Existentialism In Albert Camus's The Guest

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Albert Camus’ short story “The Guest,” that takes place during the World War II in France demonstrates the right and freedom of existentialism. The Polish writer, Camus tries to show that every human being has a choice; whether it is good, or bad, but can we choose to do it for ourselves or let someone else do it for us is all up to us to decide. The Guest, short story narrates the story of a schoolmaster, Daru, an Algerian-born Frenchman who lives alone in a remote area; the environment in which the story takes place produces a feeling of isolation.

One day, Daru notices that two men coming toward him, and there were Balducci and a prisoner. Balducci, the police officer and a good friend of Daru leads an Arab prisoner who has been accused of murdering his cousin. The officer orders Daru to take the custody of the prisoner and turns him to police headquarters, but Daru refuses because he considers this act a dishonorable act, and beside that he is also not in charge of doing so. Balducci gets pissed on refusal of Daru and tells him he has to because he got orders to do it. Finally Daru accepts and takes the prisoner with himself because he has no other choice. The prisoner spends a night with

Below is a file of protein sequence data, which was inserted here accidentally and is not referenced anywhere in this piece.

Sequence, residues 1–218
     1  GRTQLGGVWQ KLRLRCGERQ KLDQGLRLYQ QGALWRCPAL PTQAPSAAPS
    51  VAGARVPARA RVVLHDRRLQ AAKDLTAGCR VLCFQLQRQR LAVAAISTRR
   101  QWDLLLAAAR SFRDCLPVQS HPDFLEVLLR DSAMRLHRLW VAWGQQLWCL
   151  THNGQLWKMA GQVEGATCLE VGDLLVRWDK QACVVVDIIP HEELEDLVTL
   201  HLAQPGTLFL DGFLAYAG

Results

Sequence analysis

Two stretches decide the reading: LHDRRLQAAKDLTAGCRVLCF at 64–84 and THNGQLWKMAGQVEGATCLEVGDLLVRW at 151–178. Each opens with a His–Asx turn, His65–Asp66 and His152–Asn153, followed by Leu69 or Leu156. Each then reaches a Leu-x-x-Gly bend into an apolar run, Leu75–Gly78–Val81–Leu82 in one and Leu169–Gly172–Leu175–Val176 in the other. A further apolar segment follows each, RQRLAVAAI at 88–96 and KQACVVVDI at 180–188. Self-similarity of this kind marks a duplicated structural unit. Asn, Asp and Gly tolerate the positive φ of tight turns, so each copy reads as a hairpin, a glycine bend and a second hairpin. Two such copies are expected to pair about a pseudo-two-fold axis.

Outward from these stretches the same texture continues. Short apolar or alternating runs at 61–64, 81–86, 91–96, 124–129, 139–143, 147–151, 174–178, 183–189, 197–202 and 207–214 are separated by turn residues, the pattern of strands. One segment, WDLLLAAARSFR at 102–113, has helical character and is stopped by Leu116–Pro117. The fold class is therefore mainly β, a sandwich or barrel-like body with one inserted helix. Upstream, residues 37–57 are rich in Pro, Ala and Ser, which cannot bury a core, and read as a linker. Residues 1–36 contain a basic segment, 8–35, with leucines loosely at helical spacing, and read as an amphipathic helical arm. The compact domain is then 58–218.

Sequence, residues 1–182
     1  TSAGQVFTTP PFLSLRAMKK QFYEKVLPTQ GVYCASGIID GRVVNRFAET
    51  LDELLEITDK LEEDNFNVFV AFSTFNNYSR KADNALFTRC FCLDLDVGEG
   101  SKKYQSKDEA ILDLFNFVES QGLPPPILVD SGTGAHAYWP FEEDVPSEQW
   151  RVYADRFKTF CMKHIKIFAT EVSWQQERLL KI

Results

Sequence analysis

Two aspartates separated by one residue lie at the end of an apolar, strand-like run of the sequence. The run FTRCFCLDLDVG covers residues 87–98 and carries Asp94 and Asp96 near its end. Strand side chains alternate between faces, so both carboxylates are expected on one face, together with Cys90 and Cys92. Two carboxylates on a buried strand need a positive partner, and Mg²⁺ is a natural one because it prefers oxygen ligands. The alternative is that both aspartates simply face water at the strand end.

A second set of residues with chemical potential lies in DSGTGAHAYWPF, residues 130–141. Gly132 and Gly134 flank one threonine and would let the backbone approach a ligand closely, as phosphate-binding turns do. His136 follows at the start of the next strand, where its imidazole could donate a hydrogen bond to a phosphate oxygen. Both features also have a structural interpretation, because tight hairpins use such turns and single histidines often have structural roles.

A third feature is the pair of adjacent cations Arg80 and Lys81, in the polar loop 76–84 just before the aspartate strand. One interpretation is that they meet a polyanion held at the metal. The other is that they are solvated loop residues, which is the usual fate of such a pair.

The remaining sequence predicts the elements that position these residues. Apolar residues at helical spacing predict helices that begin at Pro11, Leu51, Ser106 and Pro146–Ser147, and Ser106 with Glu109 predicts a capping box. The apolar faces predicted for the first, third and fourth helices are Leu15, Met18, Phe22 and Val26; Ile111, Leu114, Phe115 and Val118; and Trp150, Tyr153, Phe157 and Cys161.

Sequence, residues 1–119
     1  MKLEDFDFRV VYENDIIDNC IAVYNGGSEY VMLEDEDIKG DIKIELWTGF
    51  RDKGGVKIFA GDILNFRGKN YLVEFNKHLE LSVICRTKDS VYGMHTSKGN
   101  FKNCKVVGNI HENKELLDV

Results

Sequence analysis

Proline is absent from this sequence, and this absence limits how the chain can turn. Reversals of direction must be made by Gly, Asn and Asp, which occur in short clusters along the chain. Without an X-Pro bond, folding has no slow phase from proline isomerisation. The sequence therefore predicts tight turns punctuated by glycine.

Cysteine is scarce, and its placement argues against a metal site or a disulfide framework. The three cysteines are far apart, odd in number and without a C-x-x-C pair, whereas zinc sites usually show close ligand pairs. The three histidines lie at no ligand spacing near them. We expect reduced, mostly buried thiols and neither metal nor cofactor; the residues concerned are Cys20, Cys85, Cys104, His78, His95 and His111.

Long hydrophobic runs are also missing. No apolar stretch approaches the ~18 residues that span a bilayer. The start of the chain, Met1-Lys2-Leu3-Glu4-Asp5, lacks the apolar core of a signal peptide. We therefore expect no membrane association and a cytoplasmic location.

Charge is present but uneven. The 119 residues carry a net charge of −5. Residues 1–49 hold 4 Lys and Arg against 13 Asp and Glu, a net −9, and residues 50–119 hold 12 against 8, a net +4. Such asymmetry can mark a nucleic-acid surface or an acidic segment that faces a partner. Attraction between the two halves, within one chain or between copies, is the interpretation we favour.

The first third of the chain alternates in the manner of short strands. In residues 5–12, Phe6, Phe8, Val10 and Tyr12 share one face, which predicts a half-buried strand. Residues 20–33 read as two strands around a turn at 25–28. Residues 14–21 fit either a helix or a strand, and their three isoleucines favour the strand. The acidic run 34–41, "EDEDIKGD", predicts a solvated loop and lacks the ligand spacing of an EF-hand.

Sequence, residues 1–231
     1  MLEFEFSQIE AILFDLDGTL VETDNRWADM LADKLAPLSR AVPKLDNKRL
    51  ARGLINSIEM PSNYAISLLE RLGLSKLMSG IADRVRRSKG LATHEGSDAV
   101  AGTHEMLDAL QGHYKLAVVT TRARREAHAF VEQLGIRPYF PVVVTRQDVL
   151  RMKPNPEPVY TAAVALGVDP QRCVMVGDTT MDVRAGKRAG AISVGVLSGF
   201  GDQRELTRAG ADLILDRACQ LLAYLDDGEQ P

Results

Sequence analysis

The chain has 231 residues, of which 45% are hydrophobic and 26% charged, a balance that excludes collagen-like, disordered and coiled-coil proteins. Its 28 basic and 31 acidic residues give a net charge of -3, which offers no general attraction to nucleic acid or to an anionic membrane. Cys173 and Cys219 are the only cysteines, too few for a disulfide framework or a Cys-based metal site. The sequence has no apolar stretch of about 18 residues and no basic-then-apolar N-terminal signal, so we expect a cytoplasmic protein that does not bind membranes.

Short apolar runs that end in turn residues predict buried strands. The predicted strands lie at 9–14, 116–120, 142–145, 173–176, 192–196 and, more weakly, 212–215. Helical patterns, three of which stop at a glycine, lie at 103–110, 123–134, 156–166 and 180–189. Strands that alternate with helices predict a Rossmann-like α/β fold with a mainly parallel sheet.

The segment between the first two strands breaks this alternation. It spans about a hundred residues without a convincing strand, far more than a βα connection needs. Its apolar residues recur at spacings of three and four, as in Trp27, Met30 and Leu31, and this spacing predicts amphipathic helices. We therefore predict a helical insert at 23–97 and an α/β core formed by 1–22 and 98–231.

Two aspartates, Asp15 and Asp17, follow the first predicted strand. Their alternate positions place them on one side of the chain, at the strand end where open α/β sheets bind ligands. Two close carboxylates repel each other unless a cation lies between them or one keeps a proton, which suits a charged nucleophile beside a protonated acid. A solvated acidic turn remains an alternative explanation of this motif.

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There are three main characters in the story, Daru, Balducci, and the Arab. Each of these characters is forced to make a choice that would affect another person.
Daru had to take the responsibly of taking the prisoner to police headquarter which he directly refused at first but had to do because Balducci insists him to obey the rules. Arab who had the choice to choose the freedom path, but he choose the imprisonment because he was slave to others decisions, the French government decision. Daru realizes that he is also a prisoners when he had to obey what Balducci told him to do and escort Arab to police
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